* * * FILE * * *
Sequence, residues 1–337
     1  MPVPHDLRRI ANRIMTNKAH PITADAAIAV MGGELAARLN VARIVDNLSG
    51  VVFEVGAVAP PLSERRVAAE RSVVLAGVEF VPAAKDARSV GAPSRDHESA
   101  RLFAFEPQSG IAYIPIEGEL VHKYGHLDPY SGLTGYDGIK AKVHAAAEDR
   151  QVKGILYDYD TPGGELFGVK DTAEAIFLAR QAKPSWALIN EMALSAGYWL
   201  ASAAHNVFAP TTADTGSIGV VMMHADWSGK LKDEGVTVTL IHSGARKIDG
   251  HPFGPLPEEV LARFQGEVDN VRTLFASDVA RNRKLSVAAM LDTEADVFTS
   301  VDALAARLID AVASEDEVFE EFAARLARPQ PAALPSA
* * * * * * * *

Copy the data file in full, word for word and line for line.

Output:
Sequence, residues 1–337
     1  MPVPHDLRRI ANRIMTNKAH PITADAAIAV MGGELAARLN VARIVDNLSG
    51  VVFEVGAVAP PLSERRVAAE RSVVLAGVEF VPAAKDARSV GAPSRDHESA
   101  RLFAFEPQSG IAYIPIEGEL VHKYGHLDPY SGLTGYDGIK AKVHAAAEDR
   151  QVKGILYDYD TPGGELFGVK DTAEAIFLAR QAKPSWALIN EMALSAGYWL
   201  ASAAHNVFAP TTADTGSIGV VMMHADWSGK LKDEGVTVTL IHSGARKIDG
   251  HPFGPLPEEV LARFQGEVDN VRTLFASDVA RNRKLSVAAM LDTEADVFTS
   301  VDALAARLID AVASEDEVFE EFAARLARPQ PAALPSA